#18

I can’t understand the reasoning behind the idea that self-discipline requires abstinence from anything that may be pleasurable or might expand your consciousness and lead you to other, more healthy ways of viewing the world.


#19

I don’t know that there is any, I just suspect that people confuse self-discipline with abstinence. It can be a helpful exercise to control what one does and when so as to not be on auto-pilot. But a dogmatist might be tempted to use this to condition others to do/not do specific things for their own reasons.


#20

Psychoacoustic “beating” is a perception effect. You can create the effect with any string instrument that has strings tunable to the same pitch (like a dulcimer). By slightly detuning one of the two strings and then strumming them, the sustained notes will create a perceptible “wavering” or “tremolo” effect. The closer to unison tuning the strings are, the faster the “beating” and, conversely, the further from unison tuning the two strings are, the slower the “beating” effect. A binaural beat recording uses the fantastic incremental tuning of modern synthesis to create this effect and then spreads it across the stereo spectrum: One pitch in the left ear, the slightly detuned pitch in the right ear (hence the term binaural). It’s way less technical than you think: I could manufacture hundreds of such recordings in a single day with cheap software.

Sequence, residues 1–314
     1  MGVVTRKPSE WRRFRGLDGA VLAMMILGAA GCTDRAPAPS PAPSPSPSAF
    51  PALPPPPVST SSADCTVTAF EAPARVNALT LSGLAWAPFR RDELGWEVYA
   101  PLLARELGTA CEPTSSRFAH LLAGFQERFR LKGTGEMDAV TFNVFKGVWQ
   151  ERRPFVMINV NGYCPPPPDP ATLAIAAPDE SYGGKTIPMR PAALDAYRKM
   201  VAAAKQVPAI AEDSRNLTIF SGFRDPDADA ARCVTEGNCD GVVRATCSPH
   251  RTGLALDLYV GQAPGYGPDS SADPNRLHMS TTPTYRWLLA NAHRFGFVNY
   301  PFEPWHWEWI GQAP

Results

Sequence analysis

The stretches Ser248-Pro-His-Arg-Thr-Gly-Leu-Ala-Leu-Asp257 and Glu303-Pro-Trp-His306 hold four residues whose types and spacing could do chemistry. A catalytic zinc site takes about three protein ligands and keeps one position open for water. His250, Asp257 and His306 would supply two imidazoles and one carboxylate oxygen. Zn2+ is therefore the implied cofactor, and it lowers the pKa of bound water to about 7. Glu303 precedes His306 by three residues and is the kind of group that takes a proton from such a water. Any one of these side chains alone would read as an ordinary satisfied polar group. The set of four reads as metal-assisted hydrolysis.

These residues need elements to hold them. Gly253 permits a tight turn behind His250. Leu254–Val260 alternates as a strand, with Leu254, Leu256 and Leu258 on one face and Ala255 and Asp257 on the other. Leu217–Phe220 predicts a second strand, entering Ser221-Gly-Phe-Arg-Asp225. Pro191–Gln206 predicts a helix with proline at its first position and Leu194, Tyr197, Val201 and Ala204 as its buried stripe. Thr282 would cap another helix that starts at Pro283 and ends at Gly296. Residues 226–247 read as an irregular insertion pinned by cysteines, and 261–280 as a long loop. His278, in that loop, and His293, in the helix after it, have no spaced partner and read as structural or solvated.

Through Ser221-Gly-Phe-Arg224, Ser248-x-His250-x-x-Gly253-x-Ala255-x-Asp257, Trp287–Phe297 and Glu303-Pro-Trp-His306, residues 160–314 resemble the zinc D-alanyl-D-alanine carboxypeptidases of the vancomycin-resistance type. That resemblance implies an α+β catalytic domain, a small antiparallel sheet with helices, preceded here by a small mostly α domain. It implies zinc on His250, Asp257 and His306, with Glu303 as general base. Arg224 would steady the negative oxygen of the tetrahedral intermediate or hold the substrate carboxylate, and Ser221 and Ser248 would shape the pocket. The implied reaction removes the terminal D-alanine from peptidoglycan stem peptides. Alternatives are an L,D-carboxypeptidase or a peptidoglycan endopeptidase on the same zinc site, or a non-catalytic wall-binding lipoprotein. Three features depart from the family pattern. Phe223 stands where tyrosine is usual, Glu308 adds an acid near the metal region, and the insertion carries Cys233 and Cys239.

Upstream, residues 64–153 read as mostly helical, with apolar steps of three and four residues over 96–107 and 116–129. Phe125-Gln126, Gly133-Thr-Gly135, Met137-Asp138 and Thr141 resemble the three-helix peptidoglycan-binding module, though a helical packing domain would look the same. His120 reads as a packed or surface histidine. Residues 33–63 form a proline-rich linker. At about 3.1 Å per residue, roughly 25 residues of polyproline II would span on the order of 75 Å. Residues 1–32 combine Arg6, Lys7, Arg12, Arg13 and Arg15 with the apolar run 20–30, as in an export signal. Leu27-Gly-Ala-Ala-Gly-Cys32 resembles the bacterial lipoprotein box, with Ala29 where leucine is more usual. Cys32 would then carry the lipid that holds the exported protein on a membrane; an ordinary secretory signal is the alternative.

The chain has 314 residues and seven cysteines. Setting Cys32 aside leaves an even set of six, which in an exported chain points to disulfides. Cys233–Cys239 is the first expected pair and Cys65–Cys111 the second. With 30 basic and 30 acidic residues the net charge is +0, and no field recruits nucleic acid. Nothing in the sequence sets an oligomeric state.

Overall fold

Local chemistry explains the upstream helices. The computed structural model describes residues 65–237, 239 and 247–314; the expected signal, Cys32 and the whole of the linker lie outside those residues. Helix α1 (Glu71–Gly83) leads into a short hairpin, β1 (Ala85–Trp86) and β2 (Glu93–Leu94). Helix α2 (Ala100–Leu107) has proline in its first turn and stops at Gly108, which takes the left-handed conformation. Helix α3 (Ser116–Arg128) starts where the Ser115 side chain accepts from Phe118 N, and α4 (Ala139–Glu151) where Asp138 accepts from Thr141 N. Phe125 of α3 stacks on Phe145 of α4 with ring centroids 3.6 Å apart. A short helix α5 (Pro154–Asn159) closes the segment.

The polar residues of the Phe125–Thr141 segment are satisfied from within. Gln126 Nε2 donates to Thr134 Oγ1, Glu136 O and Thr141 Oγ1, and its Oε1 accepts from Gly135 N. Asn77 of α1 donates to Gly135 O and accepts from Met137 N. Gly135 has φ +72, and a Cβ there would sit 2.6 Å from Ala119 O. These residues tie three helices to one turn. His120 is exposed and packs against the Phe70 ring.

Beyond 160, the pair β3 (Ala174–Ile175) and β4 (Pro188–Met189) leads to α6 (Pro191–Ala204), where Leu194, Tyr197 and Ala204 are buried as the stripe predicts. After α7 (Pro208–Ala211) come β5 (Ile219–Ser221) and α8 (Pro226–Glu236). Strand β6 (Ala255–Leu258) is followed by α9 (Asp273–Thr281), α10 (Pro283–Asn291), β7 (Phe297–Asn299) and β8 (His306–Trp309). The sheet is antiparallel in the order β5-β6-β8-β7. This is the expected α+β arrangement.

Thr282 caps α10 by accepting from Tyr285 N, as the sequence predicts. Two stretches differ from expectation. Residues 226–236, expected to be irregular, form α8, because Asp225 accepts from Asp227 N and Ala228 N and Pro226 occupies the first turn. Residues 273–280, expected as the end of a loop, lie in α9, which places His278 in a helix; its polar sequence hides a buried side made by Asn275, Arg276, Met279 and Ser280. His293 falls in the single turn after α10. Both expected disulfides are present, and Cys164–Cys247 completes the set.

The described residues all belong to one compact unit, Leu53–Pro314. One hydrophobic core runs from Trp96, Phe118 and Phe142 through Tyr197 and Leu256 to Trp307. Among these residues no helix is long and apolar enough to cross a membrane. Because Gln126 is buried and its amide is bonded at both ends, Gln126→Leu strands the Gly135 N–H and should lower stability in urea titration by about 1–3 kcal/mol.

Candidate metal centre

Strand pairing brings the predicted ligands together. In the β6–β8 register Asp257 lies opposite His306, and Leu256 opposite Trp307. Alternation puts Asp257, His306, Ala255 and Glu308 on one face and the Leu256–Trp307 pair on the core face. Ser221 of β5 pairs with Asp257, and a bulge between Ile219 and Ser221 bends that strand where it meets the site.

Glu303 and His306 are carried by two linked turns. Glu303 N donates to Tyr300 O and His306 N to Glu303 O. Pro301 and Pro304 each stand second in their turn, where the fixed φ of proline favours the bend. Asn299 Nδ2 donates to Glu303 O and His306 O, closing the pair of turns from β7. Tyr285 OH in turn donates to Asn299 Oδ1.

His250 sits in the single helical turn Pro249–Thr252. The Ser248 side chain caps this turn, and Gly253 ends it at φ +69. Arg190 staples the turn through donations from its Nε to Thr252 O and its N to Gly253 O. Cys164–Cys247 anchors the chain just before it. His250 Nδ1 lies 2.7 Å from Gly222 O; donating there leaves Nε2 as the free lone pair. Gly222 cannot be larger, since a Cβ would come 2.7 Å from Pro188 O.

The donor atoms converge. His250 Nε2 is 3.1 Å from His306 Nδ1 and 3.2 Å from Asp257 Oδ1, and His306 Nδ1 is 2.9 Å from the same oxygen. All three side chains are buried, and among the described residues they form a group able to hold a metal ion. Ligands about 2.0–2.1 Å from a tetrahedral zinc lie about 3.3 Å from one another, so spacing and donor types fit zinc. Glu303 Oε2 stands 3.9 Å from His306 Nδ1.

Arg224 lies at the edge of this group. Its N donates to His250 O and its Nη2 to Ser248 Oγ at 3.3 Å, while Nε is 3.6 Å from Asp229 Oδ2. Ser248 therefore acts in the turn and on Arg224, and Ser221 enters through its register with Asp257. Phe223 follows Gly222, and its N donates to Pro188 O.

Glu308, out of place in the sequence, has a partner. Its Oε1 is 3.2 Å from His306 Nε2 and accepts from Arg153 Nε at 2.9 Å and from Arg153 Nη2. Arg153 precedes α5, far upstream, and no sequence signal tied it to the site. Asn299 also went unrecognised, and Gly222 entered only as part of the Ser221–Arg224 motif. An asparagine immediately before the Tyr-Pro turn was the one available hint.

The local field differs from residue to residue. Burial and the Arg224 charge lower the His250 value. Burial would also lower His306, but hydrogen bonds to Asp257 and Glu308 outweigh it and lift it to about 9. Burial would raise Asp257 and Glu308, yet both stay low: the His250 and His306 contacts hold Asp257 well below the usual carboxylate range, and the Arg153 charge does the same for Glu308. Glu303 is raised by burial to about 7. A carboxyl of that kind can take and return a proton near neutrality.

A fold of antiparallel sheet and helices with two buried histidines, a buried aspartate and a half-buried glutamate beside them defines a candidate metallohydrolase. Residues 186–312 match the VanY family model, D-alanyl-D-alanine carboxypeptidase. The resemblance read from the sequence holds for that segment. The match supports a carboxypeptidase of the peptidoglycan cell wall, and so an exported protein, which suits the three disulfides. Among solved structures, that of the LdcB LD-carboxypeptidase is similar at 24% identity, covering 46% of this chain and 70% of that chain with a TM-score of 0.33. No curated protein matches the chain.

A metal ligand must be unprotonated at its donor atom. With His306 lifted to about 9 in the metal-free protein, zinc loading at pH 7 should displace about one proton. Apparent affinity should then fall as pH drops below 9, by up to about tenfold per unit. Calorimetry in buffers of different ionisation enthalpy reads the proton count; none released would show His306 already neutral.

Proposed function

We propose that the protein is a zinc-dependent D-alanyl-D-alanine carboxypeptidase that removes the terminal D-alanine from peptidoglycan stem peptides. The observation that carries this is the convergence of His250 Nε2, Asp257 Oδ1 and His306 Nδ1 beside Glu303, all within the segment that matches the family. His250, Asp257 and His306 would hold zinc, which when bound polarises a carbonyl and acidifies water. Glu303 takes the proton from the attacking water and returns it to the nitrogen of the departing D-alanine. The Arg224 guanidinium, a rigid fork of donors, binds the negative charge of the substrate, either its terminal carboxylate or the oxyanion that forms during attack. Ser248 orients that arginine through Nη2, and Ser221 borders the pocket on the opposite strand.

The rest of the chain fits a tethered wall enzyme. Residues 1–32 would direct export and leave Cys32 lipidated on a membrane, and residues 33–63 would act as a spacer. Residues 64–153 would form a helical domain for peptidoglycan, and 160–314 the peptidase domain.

Anyone who has ever tuned an instrument to itself, or to another instrument, has heard this phenomenon. Knowing about this phenomenon is quite literally the basis for anyone properly tuning any instrument.

If you achieved any sort of altered consciousness listening to binaural beats, congratulations. You need not spend money on illicit substances, including binaural beat apps.